Wow Canyon. That's a pretty impressive collection. I have most of the McGregor\McCoy novels myself but it looks like you've got a head start on me!
Moebius, first off welcome. Even though I haven't had a chance to play any of the Indiana Jones RPG's I have seen them shown on the Internet. From what I've seen they look like they'd be really fun to play with someone. Some of the stories that they contain sound pretty interesting too.
Apparently the Nazi party is a registered trademark of Lucasfilm!
[TSR] was the subject of an urban myth stating that it tried to trademark the term "Nazi". This was based on a supplement for the Indiana Jones RPG in which some figures were marked with "NAZI(tm)". This notation was in compliance with the list of trademarked character names supplied by Lucasfilm's legal department (specifically referring to a particular illustration of a Nazi on a cardboard game piece, which is legally trademarkable). Later references to the error would forget its origin and slowly morph into stories of TSR's trying to register such a trademark, possibly aided by TSR's own reputation late in its existence as a "trademark Nazi" company.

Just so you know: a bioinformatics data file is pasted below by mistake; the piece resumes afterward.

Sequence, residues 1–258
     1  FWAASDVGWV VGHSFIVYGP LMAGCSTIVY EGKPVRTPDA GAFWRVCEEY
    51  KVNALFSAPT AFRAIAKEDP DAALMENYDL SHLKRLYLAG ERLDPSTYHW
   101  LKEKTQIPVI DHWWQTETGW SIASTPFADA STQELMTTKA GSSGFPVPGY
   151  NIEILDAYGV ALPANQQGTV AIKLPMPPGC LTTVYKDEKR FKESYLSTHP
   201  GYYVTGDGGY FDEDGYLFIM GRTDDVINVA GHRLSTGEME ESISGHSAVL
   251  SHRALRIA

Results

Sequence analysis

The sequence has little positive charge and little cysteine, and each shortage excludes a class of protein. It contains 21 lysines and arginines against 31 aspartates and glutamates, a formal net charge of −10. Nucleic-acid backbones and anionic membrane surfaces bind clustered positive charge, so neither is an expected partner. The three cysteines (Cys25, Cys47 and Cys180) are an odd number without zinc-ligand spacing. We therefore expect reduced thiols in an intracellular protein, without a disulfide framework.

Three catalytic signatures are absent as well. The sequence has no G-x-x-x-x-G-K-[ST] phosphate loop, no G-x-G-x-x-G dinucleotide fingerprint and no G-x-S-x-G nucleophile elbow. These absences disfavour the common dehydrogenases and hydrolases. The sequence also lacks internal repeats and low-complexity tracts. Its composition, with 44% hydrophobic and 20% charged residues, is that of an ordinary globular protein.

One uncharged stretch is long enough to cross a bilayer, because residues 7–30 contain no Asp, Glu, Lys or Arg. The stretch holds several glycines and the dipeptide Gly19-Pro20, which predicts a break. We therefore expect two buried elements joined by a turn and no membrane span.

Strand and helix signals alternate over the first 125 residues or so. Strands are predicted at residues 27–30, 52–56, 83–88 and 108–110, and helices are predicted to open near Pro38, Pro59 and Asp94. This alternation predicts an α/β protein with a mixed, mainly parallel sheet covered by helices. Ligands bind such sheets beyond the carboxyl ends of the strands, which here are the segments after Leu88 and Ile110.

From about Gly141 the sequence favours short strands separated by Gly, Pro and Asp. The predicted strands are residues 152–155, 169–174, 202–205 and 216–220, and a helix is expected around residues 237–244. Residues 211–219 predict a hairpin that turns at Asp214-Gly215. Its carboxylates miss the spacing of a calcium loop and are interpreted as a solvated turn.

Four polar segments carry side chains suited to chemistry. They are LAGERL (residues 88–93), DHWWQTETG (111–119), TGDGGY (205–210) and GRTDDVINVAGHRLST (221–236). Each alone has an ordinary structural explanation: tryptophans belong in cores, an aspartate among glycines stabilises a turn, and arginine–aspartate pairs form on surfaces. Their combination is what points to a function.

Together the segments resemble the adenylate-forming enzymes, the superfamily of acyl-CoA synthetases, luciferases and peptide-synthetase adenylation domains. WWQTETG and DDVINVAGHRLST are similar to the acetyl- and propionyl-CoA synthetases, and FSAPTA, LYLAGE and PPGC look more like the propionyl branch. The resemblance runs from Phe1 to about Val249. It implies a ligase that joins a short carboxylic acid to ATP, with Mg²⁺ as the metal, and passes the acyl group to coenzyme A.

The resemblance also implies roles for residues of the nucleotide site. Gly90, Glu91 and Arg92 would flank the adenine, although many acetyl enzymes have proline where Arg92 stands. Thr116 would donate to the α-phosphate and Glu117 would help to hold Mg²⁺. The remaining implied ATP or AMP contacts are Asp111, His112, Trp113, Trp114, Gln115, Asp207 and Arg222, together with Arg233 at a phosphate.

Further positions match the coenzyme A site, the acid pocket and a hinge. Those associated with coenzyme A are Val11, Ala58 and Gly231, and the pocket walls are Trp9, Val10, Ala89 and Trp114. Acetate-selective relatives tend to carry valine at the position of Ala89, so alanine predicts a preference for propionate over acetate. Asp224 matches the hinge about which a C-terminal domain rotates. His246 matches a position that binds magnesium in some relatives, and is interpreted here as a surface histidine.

Marvel Comics also supplied a list of trademarked Marvel characters which included the term "NAZI(tm)".
I guess they're referring to the first book. Canyon, if you have this book, can you scan an image of the little cardboard guy?
I bought all the Indy RPG books a few years ago as I was getting out of my RPG playing days, and got them mostly for reference and collectible reasons. The times I did play it (VERY few...), I enjoyed the West End games version a bit more, and would suggest starting there if you can find it. The only book I couldn't ever find (funnily enough) was the "Artifacts" sourcebook, which I now see you can get on Amazon for about 50 bucks.
Eventually the Lucasfilm license expires and is not renewed. The word comes down from TSR head office to TSR UK that all unsold copies are to be destroyed, as per the terms of the license.
The Diana Jones trophy was created in the UK offices of TSR in the mid 1980s to commemorate the ending of their license to publish The Adventures of Indiana Jones Role-Playing Game. The trophy itself is a perspex pyramid containing the burnt remains of the last unsold copy of the game; all that is legible of the title is "diana Jones". The trophy was "liberated" and eventually ended up with the Diana Jones committee. The destruction of "one of the least-loved and critically savaged games of all time" was seen an appropriate symbol for an award for excellence in gaming. The trophy also contains a counter that reads "NaziTM" from the game. While the trademark claim was present at Lucasfilm's insistence, it led to rumors that TSR had tried to trademark the term.